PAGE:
India, try as they might, cannot figure out a way to dismiss that Aussie willow-wielder, who just scores runs, runs and more runs, and in brilliant fashion as well. Everyone else, the bowlers at least look like they can dismiss, but when it comes to Steven Smith it is a no contest.
Smith was in the mood yet again, leading from the front for Australia with another glorious knock, a knock which helped the home team pull out from what could have been seriously troubled waters after India's bowlers showed they do have the wicket-taking powers in them, every now and then.
Australia were in cruise mode after Chris Rogers and Shane Watson put on a century partnership for the second wicket following the early loss of David Warner, but India fought back brilliantly in the final two sessions, dismissing the settled duo, before sending Shaun Marsh and debutant Joe Burns packing as well to set the game up nicely on day one of the Boxing Day Test in Melbourne.
The day would have been firmly India's, had the bowlers managed to even remotely trouble Smith, who, unperturbed and unfettered, glided his way to 72 (158b, 4x4, 1x6) to help Australia to 259 for five in 90 overs at stumps. Brad Haddin (23, 53b, 1x4, 1x6) is at the other end after battling it out and refusing to give his wicket away under a short-ball barrage.
Both teams will look back on the day as a we-could-have-really-taken-firm-control-of-proceedings day, with Australia thanking Smith for yet another gutsy innings under trying circumstances, when his wicket could have really opened the path for the bowlers to scythe through.
Earlier, India made the kind of start that you dream of making in a Boxing Day Test match at the Melbourne Cricket Ground, sending David Warner -- the man who has made scoring hundreds look like having a cup of tea on a Sunday morning -- back for a duck, before that over enthusiasm from the bowlers allowed Rogers and Watson to swing their bat along the merry MCG way.
Smith won the toss and batted first in front of 70,000 fans at Australia's most famous ground, and after that trying start via the wicket of Warner, Rogers and Watson caressed the red cherry with great glee to take Australia to 92 for one in 28 overs at Lunch, before extending that partnership 115.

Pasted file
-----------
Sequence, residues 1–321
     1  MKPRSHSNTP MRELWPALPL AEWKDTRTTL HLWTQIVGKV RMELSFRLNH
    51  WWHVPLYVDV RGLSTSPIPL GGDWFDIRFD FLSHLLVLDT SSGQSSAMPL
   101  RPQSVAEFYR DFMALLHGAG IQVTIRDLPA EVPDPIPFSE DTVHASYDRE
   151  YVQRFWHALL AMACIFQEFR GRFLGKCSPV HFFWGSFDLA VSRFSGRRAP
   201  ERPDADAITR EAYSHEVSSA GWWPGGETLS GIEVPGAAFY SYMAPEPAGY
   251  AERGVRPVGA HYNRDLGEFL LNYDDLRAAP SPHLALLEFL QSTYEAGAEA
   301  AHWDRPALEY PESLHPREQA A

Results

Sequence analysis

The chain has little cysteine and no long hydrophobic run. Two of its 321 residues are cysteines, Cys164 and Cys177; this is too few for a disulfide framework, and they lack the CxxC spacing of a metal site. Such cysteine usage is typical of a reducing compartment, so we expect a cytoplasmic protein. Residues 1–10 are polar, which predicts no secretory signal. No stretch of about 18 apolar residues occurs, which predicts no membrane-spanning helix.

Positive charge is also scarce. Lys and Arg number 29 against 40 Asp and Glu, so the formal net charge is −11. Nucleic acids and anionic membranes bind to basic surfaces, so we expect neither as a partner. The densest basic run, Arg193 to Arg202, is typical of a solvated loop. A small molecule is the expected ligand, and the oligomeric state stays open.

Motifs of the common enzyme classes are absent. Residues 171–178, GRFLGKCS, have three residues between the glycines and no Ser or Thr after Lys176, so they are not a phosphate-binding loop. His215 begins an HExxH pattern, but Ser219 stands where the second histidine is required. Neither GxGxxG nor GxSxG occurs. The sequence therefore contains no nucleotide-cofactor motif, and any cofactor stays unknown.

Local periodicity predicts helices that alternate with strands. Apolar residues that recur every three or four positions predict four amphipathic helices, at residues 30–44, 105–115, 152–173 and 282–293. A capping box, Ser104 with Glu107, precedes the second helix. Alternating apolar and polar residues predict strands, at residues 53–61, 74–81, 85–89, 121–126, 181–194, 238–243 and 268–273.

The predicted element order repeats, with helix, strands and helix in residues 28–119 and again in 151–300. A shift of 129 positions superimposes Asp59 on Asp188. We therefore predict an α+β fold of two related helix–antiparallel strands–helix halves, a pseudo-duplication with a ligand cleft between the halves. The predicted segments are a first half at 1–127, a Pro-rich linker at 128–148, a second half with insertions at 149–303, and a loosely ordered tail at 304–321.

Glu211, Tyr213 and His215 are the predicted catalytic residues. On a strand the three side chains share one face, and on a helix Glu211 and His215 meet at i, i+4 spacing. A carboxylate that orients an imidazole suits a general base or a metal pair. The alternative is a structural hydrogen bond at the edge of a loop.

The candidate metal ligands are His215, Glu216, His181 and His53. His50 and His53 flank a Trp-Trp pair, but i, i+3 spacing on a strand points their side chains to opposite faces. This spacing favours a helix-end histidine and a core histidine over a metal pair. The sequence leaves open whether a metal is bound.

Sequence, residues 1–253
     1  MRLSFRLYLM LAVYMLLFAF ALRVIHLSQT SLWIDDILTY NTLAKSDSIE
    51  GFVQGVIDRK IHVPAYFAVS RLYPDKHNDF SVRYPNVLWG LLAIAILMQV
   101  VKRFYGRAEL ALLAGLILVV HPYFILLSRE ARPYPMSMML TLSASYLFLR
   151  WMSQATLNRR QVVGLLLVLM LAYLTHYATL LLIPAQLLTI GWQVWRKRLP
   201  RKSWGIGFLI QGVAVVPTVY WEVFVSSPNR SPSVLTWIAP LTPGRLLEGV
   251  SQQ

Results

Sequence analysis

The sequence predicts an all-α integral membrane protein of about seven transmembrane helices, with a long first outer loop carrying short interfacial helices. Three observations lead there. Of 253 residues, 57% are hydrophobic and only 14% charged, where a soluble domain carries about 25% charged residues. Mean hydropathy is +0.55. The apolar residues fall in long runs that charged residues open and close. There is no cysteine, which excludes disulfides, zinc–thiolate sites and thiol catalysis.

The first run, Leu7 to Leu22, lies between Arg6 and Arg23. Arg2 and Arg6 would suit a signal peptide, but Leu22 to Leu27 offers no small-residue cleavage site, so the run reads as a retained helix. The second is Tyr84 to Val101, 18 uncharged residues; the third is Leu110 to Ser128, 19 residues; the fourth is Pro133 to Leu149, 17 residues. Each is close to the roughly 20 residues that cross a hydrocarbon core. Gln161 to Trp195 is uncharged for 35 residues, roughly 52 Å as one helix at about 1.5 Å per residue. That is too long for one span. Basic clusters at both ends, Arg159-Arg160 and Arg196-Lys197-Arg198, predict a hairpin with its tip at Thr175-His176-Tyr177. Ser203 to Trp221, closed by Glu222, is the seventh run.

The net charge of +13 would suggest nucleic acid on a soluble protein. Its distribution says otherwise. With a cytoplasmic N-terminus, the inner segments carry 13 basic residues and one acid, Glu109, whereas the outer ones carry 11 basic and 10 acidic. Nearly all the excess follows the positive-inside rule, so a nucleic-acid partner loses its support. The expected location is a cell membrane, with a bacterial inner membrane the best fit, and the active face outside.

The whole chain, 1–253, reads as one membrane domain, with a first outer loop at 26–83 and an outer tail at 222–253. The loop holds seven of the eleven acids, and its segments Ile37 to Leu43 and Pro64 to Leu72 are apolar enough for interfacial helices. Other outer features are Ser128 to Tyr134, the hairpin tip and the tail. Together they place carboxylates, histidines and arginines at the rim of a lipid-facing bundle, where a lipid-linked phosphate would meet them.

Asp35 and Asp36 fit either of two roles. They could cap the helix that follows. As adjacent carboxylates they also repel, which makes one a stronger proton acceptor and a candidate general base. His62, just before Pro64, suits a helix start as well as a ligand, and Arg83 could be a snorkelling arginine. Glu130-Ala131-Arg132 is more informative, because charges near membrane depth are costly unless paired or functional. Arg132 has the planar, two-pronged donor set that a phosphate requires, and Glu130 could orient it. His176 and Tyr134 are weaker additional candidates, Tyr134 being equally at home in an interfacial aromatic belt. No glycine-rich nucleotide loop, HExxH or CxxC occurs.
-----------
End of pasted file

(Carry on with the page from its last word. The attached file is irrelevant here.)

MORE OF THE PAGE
Then came the double strike which invariably comes the bowling team's way if they break a big partnership, with Rogers (57, 126b, 5x4), first, sent packing by Mohammed Shami, who induced a small tickle to MS Dhoni behind the stumps. Watson (52, 89b, 4x4), after making his highest score of 2014, then fell an over later as a premeditated sweep attempt off R Ashwin went wrong with the ball rapping the pads.
Smith and Marsh took Australia to 174 for three in 59 overs at Tea, before, Marsh (32, 83b, 4x4) was picked up by Shami (17-4-55-2) early in the final session, via another outside edge. Burns (13, 27b, 2x4) came in and looked good in his time in the middle, playing a couple of now-that-was-nice shots, but a pull shot that only found an under edge off Yadav (20-2-69-2) ended his innings prematurely, leaving Australia walking on a tight rope at 216 for five.
However, with the impregnable Smith at one end, all Haddin had to do was survive the final 19 overs of the day, which he duly did.
The day could not have begun better for India after losing the toss, with Umesh Yadav getting one to pitch on a good length, get a bit of extra bounce and movement off the pitch and take that outside edge of Warner (0, 6b) for Shikhar Dhawan to complete another smart catch in the slips.
That put Australia on none for one, and India, who gave KL Rahul a debut in the place of Rohit Sharma, only looked to tighten the screws with a third straight maiden over, putting all the pressure back on the Aussie batsmen.
However, this India bowling lineup showed their inexperience again, getting a little too excited with the bright early start and with it losing their shape and line a little and allowing Rogers and Watson to bring their team back.
Rogers was the main man with the bat for Australia early on playing a couple of gorgeous straight drives for fours much to the delight of the huge Boxing Day crowd. Watson took his time a little, but India let him off the hook by bowling too straight too often, in their endeavour to get that lbw he is so prone to, and with it allowing him to ease the ball to the leg-side at will.
The longer the two stayed at the crease on the brownish looking MCG pitch, the easier the runs flowed, with Watson, soon enough, finding his mojo in great style to play an ODI-like innings as India's bright start vanished without a trace.
That trace might have just returned a touch just before Lunch had Dhawan, the one Indian fielder who has actually looked like a natural slip fielder, hung on to a catch which would have dismissed Watson on 37 and given Shami, who was extremely disappointing early on after being brought in for Varun Aaron, a morale-boosting wicket, but it was not to be as India went back into the dressing room wondering, yet again, about what might have been.
The next two sessions saw India fightback gallantly with the ball, on a pitch which did not really have much to offer, and had it not been for Smith, Australia might have been in some serious trouble -- of course, Mitchell Johnson might have just come in and smashed the leather all over the field again as well, but we will have to wait to see if that happens again until Day 2.